Kristen McMenamy is, as they say, having a moment: After a time outside the limelight, the 56-year old catwalk and modeling veteran finally embraced Instagram during the pandemic and is now back at the forefront (among other things, as this profile points out, she opened the Fendace show). It’s wonderful to see a woman with experience in that wild industry still doing wild things on and in a major magazine. She’s still all angles and attitude, with a knowing, experienced gleam in her eye. I just wish the photo itself weren’t missing the texture that comes with that experience. Which is not to say she is shriveled in real life or anything; she’s a decade older than I am, and I have more crinkles than she does. This is not a woman who has risked much sun damage. But neither is she smooth as a teenager. So this cover is two things at once: stunning and striking and absolutely a reminder that there is a REASON models are models — this would hook the hell out of me at a newsstand in the airport, sob, I miss flying — and also kind of a bummer because she’s lived some life that we aren’t getting to celebrate. I understand the magazine business is always going to do what it does to fascinating faces of a certain age, but I can still wish it would be different.
The story is a rambling thing, which seems to be British Vogue’s style (they also tend toward the writer inserting themselves more often than US magazines do). I honestly didn’t quite know what to make of it, and her, and for that reason I think it’s a success. If THAT Jeremy Strong profile — and the bizarre celebrity pearl-clutching that ensued about whether it was sufficiently nice — did anything for me, it was to remind me what a profile should be. For a while now, Hollywood has treated “profile” synonymously with “gushing puff piece.” But you should get to use what you get, whether it’s flattering or not or somewhere in between; that profile did a good job setting an EXTREMELY full table, in a way that I felt was merely presenting several sides’ worth of anecdotes and then letting you decide how you felt about the main course. This is nowhere near as controversial nor illuminating as that piece was, but I’m connecting them because — while this is definitely gushy at times — the profile lets Kristen be herself, and represent herself, even if at times it’s odd or vague or a weird swerve. One minute she’s showing off outfits she bought at a local vintage store, and the next she’s talking about how her husband bought her a huge engagement ring as a flex on Rupert Murdoch, then whether/why she has quit drinking, then the time her husband cut up her credit cards, and oh yeah, she was once a drug mule:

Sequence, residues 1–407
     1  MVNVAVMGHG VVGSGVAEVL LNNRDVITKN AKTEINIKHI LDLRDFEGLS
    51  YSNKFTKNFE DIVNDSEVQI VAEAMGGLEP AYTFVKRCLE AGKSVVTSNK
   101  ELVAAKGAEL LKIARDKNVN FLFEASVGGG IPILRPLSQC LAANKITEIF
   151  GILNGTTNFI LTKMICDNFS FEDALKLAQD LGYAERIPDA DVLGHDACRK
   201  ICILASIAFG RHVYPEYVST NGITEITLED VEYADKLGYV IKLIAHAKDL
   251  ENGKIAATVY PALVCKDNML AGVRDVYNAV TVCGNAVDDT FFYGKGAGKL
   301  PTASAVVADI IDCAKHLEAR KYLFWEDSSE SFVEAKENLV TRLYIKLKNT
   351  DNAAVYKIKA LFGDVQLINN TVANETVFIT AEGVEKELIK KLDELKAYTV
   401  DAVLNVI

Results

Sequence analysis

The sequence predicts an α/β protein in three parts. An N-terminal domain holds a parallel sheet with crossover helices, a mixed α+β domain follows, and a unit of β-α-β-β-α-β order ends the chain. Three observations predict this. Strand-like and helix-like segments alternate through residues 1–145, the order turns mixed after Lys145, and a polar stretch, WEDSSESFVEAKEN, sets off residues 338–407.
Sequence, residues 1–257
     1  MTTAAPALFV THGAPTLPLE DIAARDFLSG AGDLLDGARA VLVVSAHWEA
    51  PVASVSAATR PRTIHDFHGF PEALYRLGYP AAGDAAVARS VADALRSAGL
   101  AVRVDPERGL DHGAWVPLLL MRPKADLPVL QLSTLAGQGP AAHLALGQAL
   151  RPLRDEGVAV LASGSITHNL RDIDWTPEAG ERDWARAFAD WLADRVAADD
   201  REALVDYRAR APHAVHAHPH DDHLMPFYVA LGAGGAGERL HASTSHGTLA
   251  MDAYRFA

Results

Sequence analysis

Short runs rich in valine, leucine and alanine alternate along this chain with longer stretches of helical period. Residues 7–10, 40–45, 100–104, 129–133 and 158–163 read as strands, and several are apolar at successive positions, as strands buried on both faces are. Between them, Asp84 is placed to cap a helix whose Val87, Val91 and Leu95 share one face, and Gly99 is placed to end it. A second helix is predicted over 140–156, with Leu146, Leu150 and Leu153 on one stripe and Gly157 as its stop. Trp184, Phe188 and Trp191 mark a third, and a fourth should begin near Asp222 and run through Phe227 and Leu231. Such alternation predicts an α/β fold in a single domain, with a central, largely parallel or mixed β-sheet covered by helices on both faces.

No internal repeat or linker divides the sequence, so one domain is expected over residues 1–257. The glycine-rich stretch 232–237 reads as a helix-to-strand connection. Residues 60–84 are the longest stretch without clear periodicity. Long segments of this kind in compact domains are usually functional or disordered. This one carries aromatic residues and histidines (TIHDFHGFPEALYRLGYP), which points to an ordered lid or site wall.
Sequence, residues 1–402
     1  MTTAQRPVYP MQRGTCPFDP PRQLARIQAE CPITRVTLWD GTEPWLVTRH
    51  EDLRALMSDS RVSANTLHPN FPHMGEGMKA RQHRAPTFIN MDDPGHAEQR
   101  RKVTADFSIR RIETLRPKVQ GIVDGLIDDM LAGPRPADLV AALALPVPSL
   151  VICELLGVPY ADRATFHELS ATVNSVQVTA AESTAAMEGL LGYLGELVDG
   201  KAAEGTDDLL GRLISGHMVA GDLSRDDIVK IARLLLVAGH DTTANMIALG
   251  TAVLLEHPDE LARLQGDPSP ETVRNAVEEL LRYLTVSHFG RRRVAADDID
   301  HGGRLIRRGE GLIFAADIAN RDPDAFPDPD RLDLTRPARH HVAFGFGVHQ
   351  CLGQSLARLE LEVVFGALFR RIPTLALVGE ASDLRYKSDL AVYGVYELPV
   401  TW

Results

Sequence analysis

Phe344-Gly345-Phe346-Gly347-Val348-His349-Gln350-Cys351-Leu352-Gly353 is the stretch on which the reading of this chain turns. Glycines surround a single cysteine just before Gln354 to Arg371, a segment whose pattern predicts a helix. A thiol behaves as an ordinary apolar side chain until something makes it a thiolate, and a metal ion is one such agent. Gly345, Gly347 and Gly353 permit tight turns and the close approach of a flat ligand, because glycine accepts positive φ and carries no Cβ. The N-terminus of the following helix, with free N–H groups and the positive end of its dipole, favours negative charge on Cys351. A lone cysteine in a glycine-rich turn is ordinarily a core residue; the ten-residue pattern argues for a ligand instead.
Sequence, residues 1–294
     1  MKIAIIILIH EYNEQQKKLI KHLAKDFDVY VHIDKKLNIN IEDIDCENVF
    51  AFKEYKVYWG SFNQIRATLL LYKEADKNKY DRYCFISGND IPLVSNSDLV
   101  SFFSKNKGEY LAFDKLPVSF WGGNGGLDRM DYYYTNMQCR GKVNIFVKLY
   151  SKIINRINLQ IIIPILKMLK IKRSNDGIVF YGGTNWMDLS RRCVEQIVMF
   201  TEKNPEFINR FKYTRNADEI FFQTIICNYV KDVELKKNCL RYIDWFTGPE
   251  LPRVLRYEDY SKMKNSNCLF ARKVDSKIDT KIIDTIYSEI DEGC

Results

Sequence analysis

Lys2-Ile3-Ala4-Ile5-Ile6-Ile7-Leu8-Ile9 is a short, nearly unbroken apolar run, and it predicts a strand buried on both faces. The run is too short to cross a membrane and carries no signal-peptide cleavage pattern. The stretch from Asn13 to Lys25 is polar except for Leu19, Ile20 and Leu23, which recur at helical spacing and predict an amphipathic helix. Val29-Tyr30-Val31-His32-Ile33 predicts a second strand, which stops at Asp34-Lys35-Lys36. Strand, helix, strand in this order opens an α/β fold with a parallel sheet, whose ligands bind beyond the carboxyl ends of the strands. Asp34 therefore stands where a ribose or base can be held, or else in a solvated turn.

She fixated on becoming a model from an early age, dropping out of college and travelling daily to New York City on go-sees while working nights in a pizzeria. “Where I moonlit as a drug mule,” she says. What? “Yes, I met a girl whose husband was a kingpin in the area. I would pick up a kilo of cocaine in bags and walk them across the parking lot, hand them over, look around and walk back.” On other occasions, she would drive in a borrowed Mercedes to deliver drugs across town. “I never crossed state lines,” she adds, laughing. “But I did earn enough money to buy clothes and pay photographers to do test shots.”
To be clear, that anecdote is… troubling! But it’s inclusion in the profile means that the writer wasn’t trying to shield her from herself. Incorporating her trying to turn the words “drug mule” into something she erroneously thinks is quirky/charming gives the story an unplanned feel, like she didn’t go into it with a goal or a strategy or a message in mind. She hadn’t painted the picture in advance in her mind, so she happily let the writer do it instead, and that’s (sadly) refreshing these days.